Low temperatures in Columbus this summer have offered some relief to a city that’s on a watch list for dirty air quality.
“We are in a good range now,” Rick Jones, director of Columbus’ Planning Department, said Wednesday.
With the city of Columbus recommended for nonattainment status for its air quality, the Georgia Environmental Protection Division will closely monitor ground level ozone, which is a component of smog. Last year, the city slightly exceeded tougher air quality standards of 0.75 parts per million set by the Environmental Protection Agency.
So far this month, an average high temperature of 89.6 degrees and low of 69.6 degrees have contributed to “good” to “moderate” air quality levels in Columbus. The average temperature is 79.6 degrees, 2.3 degrees below normal.
“Definitely when you do the average, over two degrees is a noticeable difference,” said Matt Sena, a forecaster with the National Weather Service in Peachtree City, Ga. “Computer models are indicating for the next seven days, the trend will continue.”
Since January, Columbus has not issued a smog alert for unhealthy air. Jones said he is hoping the high temperatures will remain low this summer. Consistent temperatures in the high 90s would cause problems for ground level ozone.
Breathing polluted air can irritate eyes and throat and trigger respiratory problems, especially among people with asthma.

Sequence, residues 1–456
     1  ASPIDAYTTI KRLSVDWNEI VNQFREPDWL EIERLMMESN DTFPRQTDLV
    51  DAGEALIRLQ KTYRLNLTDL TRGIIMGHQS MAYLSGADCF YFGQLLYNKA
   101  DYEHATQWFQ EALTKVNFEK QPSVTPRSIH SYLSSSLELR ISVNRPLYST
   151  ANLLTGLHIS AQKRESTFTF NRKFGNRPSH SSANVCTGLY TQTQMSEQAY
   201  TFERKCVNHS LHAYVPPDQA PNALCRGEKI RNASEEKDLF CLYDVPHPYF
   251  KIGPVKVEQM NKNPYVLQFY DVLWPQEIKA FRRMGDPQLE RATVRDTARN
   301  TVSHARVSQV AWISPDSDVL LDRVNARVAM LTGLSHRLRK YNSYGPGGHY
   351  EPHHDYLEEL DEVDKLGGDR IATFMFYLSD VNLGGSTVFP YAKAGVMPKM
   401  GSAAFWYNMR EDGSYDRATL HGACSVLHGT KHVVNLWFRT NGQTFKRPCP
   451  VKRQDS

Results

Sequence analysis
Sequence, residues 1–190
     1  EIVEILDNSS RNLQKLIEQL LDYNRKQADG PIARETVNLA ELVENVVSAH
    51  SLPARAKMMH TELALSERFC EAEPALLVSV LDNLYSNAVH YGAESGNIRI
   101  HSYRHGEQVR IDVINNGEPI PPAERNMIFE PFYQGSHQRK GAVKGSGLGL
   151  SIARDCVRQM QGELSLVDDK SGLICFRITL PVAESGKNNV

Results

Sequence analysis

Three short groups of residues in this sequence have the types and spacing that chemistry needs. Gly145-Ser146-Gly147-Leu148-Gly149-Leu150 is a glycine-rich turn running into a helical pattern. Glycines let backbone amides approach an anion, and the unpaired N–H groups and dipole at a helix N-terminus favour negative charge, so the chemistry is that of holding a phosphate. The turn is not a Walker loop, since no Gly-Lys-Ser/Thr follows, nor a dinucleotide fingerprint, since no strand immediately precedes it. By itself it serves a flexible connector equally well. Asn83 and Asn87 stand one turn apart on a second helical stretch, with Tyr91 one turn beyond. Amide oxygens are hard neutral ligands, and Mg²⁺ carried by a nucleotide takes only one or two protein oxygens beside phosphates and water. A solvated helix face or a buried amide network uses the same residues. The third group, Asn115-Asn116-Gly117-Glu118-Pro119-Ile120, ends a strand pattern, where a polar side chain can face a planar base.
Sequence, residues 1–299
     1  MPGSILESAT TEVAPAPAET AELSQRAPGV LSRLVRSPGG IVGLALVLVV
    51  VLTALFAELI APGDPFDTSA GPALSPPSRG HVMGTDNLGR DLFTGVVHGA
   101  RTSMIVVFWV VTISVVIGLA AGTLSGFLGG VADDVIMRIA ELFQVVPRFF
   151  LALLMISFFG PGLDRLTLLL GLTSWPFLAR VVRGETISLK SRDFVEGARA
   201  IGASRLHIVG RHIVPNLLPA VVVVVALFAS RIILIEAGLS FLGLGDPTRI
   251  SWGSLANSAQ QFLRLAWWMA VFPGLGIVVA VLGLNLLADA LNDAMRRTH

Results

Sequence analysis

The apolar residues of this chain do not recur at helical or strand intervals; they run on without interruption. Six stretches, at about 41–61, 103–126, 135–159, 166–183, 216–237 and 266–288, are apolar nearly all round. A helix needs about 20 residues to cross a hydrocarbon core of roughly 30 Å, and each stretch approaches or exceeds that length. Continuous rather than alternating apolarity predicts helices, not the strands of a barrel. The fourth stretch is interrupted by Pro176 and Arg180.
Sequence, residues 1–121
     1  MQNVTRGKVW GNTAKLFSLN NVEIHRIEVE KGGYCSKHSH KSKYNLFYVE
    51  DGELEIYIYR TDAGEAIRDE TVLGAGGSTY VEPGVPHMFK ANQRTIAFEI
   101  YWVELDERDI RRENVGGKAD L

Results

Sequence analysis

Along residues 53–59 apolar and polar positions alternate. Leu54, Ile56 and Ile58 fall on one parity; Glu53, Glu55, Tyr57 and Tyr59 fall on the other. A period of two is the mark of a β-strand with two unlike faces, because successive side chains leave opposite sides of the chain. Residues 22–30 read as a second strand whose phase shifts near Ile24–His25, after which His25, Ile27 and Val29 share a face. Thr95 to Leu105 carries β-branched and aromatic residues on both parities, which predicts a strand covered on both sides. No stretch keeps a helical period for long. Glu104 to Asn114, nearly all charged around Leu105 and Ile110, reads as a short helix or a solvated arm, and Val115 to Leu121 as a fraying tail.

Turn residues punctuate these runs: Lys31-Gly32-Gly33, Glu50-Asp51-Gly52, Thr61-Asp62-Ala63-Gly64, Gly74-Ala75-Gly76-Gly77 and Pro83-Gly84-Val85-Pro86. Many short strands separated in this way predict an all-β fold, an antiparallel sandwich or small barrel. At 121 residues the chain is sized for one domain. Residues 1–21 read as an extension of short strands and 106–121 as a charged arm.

According to the Georgia Environmental Protection Division’s Web site, air quality has been observed for 184 days this year in Columbus. Air quality was characterized as “good” for 124 days and “moderate” for 60 days.
Although the numbers may be encouraging, Jones said he is still worried about levels in August and September, the last months of the smog season.
“We are trying to see, hope and pray if we can stay in the good to moderate level,” Jones said. “If we get higher temperatures, there is potential for more ground pollution.”
When the smog season ends, Jones said data from 2007, 2008 and 2009 will be combined to determine if the city should officially be placed in nonattainment status. Nonattainment status is assigned to areas where air pollution levels consistently exceed the national standards, according to the EPA’s Web site.
“This is a make-or-break summer,” Jones said.
By the end of this month, Jones said the city is expected to receive $200,000 grant from the President Barack Obama’s economic stimulus plan. The money will help fund the Air Quality Alliance of the Chattahoochee Valley, a group that works with businesses, schools and other organizations to educate residents about improving air quality. The alliance rewards motorists for walking, bicycling, riding Metra Transit and carpooling to work.
“It’s a problem that is not going to go away,” Jones said.